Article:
The difference is that where Catholics in other contexts have viewed their oppression through the lens of Christ’s suffering, the American Church views its situation through the lens of grievance politics.
Nothing good can come of this, either for the Church or America.
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2. Typography and Watches
Ever start reading a piece and think to yourself, “Holy motherforking shirtballs—she literally wrote this for me”?
Because that’s what’s going here:
The piece is mostly about the creation of a new font at Hermès. Here’s Liz Stinson telling the story:
Working with Hermès' team, Apeloig designed a set of numerals that appear bisected with a razor-sharp knife. The rounded edge of the "2" hovers above the angled tail; a hairline break separates the two thin circles of the "8". It's a whisper of a font, with letterforms chiseled down to their bare minimum. "I was very measured in my approach," Apeloig says, "slowly reducing the shapes of each number to achieve a feeling of lightness." Apeloig drew each number by hand and was careful to imbue the shapes with Hermès' visual language, which he describes as sober, modern, and timeless. "I built in constraints, limiting the number of shapes—circles, triangles, curves, dashes—that I could use to create the numbers," he explains. "Each is drawn using a continuous line in which small cuts are made. Not only do the cuts draw the eye, but they reduce each number to its elemental parts and they make silence visible."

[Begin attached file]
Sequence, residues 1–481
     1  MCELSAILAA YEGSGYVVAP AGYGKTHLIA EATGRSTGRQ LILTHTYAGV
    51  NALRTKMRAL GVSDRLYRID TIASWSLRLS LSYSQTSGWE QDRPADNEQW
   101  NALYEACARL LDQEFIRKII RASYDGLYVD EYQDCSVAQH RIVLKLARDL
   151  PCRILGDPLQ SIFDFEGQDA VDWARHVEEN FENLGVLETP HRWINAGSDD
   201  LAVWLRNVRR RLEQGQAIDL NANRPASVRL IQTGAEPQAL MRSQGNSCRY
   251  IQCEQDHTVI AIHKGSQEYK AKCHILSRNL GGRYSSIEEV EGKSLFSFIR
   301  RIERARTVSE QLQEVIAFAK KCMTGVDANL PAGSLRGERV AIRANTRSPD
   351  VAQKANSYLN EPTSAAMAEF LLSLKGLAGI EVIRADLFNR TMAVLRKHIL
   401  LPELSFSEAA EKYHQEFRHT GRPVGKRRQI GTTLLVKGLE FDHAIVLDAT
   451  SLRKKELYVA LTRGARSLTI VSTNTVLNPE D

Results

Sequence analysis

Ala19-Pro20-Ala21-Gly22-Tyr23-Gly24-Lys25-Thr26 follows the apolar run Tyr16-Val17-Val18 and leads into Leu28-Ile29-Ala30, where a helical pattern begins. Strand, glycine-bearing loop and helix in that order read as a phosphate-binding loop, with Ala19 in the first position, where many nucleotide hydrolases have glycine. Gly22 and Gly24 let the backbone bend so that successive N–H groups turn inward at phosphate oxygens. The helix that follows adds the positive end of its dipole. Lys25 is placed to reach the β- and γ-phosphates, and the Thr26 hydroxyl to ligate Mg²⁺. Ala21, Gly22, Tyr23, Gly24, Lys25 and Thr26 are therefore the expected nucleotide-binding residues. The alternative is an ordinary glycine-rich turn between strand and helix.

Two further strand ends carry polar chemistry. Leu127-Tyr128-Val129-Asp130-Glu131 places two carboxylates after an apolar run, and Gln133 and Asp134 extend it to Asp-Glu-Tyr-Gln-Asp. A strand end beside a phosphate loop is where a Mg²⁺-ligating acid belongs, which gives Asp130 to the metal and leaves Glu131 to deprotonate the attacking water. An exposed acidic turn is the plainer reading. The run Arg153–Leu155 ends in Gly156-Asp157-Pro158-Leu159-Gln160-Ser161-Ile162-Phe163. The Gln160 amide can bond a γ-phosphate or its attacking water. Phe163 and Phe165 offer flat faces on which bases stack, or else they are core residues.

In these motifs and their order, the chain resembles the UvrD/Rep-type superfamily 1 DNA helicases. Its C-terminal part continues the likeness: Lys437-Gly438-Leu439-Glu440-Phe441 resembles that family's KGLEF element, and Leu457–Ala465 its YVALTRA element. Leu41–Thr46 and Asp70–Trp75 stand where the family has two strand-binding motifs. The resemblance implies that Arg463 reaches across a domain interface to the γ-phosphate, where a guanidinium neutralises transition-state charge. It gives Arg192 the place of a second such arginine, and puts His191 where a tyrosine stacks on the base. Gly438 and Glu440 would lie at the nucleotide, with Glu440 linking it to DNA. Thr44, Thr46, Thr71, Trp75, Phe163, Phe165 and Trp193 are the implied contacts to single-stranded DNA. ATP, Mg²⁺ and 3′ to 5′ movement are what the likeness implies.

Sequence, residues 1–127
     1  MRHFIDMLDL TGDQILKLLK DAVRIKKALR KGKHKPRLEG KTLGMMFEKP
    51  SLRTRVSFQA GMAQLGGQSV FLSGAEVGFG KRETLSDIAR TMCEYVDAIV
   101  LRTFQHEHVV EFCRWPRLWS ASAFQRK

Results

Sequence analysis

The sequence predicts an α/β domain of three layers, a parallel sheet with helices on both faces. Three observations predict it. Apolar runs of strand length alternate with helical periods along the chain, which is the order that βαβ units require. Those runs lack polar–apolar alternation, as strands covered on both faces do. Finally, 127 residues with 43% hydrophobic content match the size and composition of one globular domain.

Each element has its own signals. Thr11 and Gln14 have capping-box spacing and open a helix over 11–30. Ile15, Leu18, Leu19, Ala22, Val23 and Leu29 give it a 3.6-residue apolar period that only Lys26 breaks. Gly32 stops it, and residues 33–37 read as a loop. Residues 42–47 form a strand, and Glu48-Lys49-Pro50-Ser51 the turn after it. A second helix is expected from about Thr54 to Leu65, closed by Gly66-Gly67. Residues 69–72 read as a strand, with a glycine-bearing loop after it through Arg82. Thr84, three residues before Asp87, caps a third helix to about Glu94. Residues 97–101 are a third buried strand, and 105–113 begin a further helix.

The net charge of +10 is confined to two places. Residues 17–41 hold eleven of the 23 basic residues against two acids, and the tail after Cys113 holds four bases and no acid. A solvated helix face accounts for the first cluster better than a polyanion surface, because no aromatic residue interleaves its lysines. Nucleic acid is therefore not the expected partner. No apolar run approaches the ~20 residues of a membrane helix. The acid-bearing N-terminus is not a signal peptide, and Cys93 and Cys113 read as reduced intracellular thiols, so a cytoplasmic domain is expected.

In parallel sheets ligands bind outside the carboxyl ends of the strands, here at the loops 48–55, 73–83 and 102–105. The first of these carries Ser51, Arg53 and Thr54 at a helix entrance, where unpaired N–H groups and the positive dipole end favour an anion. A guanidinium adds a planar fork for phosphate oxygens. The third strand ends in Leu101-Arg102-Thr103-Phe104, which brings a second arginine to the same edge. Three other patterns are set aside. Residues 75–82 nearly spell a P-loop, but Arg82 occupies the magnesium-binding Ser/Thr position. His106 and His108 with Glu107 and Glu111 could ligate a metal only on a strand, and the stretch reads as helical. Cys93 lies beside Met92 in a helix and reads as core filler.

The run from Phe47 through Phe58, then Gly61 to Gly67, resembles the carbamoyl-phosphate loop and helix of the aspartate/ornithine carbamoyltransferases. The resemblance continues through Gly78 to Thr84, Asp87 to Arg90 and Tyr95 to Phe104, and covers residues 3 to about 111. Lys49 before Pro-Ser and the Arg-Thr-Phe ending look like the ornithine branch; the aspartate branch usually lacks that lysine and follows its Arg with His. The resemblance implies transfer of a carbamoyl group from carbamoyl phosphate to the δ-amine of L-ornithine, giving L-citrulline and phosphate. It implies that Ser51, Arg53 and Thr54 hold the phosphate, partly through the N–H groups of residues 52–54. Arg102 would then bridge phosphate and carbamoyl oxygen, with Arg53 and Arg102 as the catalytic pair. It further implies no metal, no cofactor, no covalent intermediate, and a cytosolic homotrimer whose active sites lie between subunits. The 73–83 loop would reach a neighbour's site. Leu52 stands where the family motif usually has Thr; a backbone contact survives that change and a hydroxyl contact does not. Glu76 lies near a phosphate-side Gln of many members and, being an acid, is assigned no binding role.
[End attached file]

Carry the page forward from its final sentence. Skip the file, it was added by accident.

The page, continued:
The irony is that I absolutely hate what Apeloig came up with. It’s like the love child of an Art Deco movie theater and an Ikea kitchen table.
But I appreciate the effort because here is something I never realized before this moment:
In reality, only a small and decreasing number of watchmakers go to the trouble of creating custom lettering for their dials. More often, watch brands use off-the-rack fonts that are squished and squeezed onto the dial's limited real estate. Patek Philippe, for example, has used ITC American Typewriter and Arial on its high-end watches. French brand Bell & Ross deploys the playful 1980 typeface Isonorm for the numerals on many of its timepieces. Rolex uses a slightly modified version of Garamond for its logo. And Audemars Piguet has replaced the custom lettering on its watches with a stretched version of Times Roman.